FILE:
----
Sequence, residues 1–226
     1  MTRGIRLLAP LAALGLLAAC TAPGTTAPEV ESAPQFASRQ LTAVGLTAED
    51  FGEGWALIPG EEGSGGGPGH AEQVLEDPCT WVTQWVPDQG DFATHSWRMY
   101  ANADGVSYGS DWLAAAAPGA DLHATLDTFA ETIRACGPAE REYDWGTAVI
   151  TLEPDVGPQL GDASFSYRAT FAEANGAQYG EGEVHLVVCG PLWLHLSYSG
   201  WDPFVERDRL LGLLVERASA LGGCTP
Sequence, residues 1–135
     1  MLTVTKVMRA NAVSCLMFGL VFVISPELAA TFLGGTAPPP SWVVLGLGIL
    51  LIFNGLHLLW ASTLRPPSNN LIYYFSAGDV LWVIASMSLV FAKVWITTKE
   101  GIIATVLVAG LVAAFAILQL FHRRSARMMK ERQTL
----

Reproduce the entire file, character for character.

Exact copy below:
Sequence, residues 1–226
     1  MTRGIRLLAP LAALGLLAAC TAPGTTAPEV ESAPQFASRQ LTAVGLTAED
    51  FGEGWALIPG EEGSGGGPGH AEQVLEDPCT WVTQWVPDQG DFATHSWRMY
   101  ANADGVSYGS DWLAAAAPGA DLHATLDTFA ETIRACGPAE REYDWGTAVI
   151  TLEPDVGPQL GDASFSYRAT FAEANGAQYG EGEVHLVVCG PLWLHLSYSG
   201  WDPFVERDRL LGLLVERASA LGGCTP
Sequence, residues 1–135
     1  MLTVTKVMRA NAVSCLMFGL VFVISPELAA TFLGGTAPPP SWVVLGLGIL
    51  LIFNGLHLLW ASTLRPPSNN LIYYFSAGDV LWVIASMSLV FAKVWITTKE
   101  GIIATVLVAG LVAAFAILQL FHRRSARMMK ERQTL